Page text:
In Commonwealth v. Lee, the Supreme Judicial Court affirmed the defendant’s conviction of first-degree murder, rejecting the defendant’s contention that the judge seated a biased juror, thereby violating the defendant’s constitutional right to a fair and impartial jury.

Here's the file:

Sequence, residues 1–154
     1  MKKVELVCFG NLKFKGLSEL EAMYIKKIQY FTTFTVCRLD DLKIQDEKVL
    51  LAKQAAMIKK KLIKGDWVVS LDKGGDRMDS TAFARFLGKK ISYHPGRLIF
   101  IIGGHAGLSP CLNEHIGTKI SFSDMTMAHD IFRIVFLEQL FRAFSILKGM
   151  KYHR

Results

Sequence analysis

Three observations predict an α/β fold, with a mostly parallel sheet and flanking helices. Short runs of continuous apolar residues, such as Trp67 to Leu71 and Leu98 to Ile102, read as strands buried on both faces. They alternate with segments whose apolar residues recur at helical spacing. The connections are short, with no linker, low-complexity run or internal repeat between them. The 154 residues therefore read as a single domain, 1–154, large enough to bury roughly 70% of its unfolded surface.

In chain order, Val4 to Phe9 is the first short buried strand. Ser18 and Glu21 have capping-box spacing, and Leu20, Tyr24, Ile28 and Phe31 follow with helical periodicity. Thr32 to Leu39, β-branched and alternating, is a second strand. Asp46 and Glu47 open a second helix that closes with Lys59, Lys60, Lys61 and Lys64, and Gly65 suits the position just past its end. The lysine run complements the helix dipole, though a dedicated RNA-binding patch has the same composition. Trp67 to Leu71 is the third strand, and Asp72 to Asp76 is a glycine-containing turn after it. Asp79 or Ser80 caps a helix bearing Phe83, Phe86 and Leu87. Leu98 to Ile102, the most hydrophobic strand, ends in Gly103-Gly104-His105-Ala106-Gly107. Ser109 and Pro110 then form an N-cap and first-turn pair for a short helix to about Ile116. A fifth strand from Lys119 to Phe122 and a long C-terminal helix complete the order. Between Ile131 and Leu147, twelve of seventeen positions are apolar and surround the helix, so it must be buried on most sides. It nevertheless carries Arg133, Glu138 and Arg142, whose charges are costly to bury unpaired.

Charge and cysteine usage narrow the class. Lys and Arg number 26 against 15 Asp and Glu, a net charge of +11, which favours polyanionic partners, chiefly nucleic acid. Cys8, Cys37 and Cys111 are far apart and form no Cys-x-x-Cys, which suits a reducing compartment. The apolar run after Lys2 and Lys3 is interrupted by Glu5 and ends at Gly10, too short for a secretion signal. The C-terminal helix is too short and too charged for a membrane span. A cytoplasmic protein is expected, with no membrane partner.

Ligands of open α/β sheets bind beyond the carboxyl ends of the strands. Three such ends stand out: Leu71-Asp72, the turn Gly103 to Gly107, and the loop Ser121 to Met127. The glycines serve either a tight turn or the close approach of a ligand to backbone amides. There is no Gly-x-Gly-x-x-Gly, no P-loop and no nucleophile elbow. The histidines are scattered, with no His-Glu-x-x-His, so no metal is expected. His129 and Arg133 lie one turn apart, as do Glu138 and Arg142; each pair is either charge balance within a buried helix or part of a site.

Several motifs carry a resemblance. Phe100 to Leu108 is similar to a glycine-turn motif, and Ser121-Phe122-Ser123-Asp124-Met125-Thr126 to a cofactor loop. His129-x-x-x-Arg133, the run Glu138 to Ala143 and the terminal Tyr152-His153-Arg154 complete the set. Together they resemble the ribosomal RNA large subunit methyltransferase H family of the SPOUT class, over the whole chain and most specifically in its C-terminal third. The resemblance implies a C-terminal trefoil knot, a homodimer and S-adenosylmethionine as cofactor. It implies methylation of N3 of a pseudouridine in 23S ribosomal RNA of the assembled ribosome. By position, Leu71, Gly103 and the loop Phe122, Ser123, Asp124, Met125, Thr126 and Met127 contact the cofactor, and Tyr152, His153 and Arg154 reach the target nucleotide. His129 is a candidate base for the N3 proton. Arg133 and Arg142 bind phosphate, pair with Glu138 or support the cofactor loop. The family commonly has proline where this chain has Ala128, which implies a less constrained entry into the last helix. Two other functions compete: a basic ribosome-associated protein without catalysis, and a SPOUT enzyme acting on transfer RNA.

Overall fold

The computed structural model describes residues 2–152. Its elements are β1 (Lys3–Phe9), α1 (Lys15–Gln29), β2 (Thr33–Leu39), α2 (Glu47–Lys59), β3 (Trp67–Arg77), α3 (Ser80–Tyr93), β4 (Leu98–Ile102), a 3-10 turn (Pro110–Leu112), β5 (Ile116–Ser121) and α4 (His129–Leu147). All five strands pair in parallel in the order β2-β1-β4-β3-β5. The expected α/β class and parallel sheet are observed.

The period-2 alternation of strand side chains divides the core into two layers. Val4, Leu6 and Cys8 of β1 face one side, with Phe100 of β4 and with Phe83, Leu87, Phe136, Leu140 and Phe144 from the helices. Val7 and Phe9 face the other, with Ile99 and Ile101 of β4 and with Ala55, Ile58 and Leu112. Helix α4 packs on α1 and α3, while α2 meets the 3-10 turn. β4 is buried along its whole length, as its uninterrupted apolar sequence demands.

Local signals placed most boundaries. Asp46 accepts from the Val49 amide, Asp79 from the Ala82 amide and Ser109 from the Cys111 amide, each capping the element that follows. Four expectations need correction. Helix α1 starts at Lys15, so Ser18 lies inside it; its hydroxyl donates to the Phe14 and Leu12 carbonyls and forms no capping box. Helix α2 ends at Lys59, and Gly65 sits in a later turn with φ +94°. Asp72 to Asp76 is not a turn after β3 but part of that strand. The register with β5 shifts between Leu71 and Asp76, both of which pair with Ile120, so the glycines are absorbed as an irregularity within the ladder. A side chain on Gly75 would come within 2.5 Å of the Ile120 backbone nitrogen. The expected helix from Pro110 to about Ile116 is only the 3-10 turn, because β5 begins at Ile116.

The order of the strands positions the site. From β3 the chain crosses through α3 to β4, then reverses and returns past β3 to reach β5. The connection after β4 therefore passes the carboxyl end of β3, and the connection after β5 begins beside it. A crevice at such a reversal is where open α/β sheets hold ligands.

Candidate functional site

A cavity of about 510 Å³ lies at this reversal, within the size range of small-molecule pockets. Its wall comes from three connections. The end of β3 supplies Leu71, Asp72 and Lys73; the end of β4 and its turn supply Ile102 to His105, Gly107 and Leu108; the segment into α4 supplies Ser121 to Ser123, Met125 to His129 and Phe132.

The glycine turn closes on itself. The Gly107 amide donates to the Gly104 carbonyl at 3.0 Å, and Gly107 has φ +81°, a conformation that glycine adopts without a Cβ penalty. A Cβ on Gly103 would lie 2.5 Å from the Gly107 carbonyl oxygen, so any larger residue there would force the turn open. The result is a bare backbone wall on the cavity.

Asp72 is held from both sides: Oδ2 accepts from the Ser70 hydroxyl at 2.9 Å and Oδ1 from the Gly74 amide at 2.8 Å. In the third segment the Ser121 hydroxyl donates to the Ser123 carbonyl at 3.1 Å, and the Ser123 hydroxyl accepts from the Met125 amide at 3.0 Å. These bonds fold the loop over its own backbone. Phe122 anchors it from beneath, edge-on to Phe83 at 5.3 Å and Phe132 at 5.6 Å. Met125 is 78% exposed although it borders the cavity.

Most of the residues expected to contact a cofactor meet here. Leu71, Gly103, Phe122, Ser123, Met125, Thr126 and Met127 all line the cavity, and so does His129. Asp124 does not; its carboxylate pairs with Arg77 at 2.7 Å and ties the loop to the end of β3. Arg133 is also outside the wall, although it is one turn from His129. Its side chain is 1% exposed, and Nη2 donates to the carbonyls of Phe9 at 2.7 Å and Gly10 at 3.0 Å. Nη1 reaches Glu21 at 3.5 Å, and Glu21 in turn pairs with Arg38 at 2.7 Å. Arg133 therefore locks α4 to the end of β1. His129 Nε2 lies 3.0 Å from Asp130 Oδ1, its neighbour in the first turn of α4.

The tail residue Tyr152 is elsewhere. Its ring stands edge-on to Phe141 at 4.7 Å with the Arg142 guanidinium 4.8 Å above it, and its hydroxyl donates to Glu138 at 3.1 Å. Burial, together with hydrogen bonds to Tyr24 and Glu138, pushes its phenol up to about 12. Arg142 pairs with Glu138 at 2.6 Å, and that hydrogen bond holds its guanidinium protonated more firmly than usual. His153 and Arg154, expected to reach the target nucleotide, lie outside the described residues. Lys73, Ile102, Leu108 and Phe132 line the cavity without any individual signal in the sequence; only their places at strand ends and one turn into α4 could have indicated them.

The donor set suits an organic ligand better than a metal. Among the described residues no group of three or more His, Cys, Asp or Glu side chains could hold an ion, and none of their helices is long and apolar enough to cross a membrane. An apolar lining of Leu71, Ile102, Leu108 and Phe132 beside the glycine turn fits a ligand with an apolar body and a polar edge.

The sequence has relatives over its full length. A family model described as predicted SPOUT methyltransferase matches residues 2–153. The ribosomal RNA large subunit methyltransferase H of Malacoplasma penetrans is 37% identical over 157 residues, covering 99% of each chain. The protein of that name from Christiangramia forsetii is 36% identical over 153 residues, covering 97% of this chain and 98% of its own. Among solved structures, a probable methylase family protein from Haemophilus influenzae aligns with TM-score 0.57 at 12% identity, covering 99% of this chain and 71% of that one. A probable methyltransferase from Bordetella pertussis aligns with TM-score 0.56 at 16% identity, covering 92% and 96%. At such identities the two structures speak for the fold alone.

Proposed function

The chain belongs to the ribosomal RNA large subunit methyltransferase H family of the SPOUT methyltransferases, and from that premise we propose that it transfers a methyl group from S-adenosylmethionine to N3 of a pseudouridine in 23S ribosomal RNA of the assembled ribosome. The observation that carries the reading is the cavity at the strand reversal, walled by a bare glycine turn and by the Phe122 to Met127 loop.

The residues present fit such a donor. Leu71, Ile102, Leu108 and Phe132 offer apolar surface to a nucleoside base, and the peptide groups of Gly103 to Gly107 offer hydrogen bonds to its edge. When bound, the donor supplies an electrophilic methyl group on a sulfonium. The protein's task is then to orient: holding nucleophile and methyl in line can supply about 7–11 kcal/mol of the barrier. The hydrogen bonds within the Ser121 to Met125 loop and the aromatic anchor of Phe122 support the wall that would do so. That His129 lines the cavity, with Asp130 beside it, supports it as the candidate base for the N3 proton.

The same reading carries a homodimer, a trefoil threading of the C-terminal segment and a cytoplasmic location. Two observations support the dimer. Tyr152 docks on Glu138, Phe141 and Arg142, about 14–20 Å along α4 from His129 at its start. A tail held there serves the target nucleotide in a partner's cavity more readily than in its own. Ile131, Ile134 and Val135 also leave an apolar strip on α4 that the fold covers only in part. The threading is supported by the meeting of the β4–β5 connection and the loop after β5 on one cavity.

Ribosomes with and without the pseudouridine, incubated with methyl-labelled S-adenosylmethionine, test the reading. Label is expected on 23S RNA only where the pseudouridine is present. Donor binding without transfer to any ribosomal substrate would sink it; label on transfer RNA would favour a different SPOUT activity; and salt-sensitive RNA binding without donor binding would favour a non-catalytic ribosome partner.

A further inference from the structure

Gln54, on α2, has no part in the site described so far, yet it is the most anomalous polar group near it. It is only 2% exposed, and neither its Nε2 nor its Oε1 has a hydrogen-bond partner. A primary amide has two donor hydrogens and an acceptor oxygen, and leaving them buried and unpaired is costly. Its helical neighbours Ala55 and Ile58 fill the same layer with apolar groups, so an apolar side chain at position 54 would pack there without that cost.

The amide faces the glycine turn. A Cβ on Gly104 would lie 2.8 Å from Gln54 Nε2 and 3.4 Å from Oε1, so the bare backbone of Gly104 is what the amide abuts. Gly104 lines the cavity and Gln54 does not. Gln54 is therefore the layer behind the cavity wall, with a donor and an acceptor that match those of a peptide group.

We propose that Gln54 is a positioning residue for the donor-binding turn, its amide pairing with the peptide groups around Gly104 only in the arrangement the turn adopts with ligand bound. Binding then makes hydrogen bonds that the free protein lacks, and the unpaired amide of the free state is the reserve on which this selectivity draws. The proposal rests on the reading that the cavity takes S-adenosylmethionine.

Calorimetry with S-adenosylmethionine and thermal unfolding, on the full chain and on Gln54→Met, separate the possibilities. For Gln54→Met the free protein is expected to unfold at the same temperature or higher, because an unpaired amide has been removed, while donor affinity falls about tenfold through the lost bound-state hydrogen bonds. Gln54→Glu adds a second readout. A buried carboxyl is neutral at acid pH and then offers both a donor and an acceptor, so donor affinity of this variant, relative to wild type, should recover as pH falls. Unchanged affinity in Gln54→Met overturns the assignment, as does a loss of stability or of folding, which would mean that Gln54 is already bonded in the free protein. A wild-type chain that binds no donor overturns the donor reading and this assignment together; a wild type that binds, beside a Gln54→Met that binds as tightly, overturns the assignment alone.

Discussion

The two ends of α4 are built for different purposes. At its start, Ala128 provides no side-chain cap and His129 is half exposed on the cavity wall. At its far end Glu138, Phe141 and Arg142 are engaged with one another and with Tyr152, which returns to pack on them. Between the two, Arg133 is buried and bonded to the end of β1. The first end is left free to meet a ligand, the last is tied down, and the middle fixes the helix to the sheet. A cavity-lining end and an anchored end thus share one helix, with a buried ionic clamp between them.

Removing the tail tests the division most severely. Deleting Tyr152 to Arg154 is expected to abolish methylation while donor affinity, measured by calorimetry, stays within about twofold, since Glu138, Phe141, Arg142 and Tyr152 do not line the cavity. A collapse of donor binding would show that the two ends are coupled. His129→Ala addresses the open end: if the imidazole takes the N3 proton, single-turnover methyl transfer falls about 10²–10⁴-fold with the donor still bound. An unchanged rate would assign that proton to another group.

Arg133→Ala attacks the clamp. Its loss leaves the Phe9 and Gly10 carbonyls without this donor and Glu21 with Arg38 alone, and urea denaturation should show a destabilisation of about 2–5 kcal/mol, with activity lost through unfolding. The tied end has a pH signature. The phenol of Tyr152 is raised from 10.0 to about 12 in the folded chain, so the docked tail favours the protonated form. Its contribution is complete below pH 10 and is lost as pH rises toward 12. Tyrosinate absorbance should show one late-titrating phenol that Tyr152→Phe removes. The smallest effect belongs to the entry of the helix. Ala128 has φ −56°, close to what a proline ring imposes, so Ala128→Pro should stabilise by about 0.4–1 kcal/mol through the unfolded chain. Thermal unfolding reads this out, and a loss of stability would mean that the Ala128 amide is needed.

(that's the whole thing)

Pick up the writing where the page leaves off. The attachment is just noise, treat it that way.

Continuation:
The background was as follows. The victim was the defendant’s father. A woman for whom the defendant had done housework (Ruth) “saw the defendant walk behind her house carrying white garbage bags. Soon after, the defendant left without any garbage bags.” Ruth and her daughter “checked the backyard for the garbage bags. They found white garbage bags in a compost bin, and inside one of the garbage bags, they found a human head. When police arrived, officers found two arms and two legs in the other garbage bags. Ruth reported that she had seen the defendant carrying white garbage bags behind her house. Police officers learned that the defendant’s father had sought an abuse prevention order against him three days earlier. Officers went to the defendant’s father’s house to check on his safety. In the house, officers found white garbage bags and a human torso in a plastic tub. A fingerprint on the tub was later identified as the defendant’s.” When the police interviewed the defendant, he told them “that he had dismembered his father but not killed him.” “During jury empanelment, the judge informed each juror that participating in the trial would include viewing ‘graphic photos of body parts’ and inquired about the impact of those photographs on each juror’s impartiality. The defendant contends that prospective juror no. 226 ‘expressed doubts about his ability to be fair and impartial’ and was seated on the jury nonetheless. The transcript contains the following exchange between the judge and prospective juror no. 226: ‘The judge: “All right. In this trial you will see some graphic photos of body parts, and the question is whether you think that would affect your ability to be a fair and impartial juror?” The juror: ‘Yes.’  (Emphasis supplied.)’” At the time, “neither the defendant nor the Commonwealth opposed the juror’s empanelment. Later, [however,] when discussing another juror, the defendant asked to challenge prospective juror no. 226. The judge declined to allow the defendant [to] do so.” On appeal, “[t]he defendant argue[d] that the seating of prospective juror no. 226 was structural error [requiring] a new trial.”